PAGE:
Last edited: 29 January 2014
The idea for the EB Cooker evolved as we were building and analyzing funnel cookers and Parvati cookers. These cookers, and most other panel cookers, primarily heat the top and sides of the cooking pot. The heat transfer mechanism from the top of the pot to the contents of the pot usually is not very efficient. Therefore, we decided to design a cooker that heats the bottom and sides of the pot. Parabolic cookers meet this requirement. However, they are dangerous because of the point focus, they are relatively hard to build because of the parabolic curve, and the heat usually is unevenly distributed over the pot surface. We chose to design double angle cone and triple angle cone cookers because they are relatively easy to build, and do not have a point focus. The only curves that need to be cut are circles. We have experimented with different support structures to hold the pot just inside the mouth of the cooker
The EB cookers are designed to focus all of the reflected energy onto a spherical target. The sphere is used to represent the cylindrical cooking pots because the aspect ratio of the pot varies when the cooker is rotated about the pot as the sun elevation angle changes. However, all of the reflected energy will hit the pot provided the smallest dimension of the pot is less than or equal to the diameter of the target sphere. In practice, we recommend using a pot with smallest dimension larger than the diameter of the target sphere so that all of the reflected energy will hit the pot even when the cooker is pointed a few degrees from the sun.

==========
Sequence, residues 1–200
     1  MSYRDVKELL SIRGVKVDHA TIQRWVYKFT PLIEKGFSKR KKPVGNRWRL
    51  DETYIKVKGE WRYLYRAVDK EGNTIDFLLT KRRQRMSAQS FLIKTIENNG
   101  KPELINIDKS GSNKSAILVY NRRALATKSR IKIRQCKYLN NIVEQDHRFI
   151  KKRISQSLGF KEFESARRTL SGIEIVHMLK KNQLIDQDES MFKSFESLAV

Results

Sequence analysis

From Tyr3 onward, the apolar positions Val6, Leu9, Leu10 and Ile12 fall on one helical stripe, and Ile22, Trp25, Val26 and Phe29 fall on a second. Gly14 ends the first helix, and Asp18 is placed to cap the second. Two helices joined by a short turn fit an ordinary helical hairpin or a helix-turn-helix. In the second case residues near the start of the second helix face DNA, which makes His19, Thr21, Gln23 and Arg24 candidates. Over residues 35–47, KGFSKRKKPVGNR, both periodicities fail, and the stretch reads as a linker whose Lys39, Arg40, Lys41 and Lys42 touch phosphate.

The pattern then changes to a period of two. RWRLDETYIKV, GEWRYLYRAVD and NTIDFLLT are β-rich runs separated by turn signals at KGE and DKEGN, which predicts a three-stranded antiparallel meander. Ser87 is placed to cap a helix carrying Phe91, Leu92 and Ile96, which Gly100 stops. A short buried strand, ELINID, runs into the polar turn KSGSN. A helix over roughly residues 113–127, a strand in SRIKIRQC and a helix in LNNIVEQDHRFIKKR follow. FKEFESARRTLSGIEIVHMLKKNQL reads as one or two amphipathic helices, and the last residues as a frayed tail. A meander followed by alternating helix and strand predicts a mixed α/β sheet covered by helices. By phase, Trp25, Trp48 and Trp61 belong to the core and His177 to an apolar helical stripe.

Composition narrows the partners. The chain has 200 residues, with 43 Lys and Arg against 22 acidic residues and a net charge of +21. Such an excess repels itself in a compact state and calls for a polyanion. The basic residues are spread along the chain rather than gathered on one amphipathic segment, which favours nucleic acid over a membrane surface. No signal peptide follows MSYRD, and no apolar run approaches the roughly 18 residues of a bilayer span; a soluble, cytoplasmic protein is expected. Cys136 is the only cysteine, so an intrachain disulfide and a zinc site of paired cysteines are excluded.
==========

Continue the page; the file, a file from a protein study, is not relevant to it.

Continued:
Earthbound Solar Cookers are designated as EB followed by the cooker cone diameter in inches and a D or T for Double or Triple angle cone. For example, the EB‑42T has a diameter of 42 inches and is a triple cone design while the EB‑30D has a diameter of 30 inches and is a double cone design.
When building a cooker, one of the first decisions is how large it should be. Larger cookers will cook faster, but smaller cookers usually are less expensive to build and are easier to transport and store. We usually favor larger cookers because we believe that solar cookers will be more widely accepted if their performance is closer to that of the typical kitchen stove. However, if you don’t mind waiting longer for the food to cook, food cooked in slow cookers can be especially delicious. For EB cookers, another decision is whether to use a double or triple cone design. The diameter of the target sphere is determined by dividing the cooker diameter by 5 for double cone cookers and by 7 of triple cone cookers. For example, both the EB‑42T and EB‑30D focus the energy onto a 6” diameter sphere when pointed directly at the sun. If the cooking pot you intend to use has a diameter of at least 6” and is at least 6” deep, either of these designs would work. However, an EB‑30T, would have a 4.3” target sphere and would allow the use of smaller pots and provide some margin for focusing error. Even though it takes a bit longer to build a triple cone than it does a double cone, we recommend triple cones for all but the smallest cookers.
We have built several prototype EB cookers. We have completed an EB‑42T and an EB‑30D, and have started an EB‑24T. Most of the testing has been done with the EB‑42T using our data acquisition system. Also, we have cooked a few meals in the EB‑42T. The results of the tests are very encouraging and will be reported elsewhere on the web site.
[Text for this page was borrowed from http://www.earthboundtech.com.]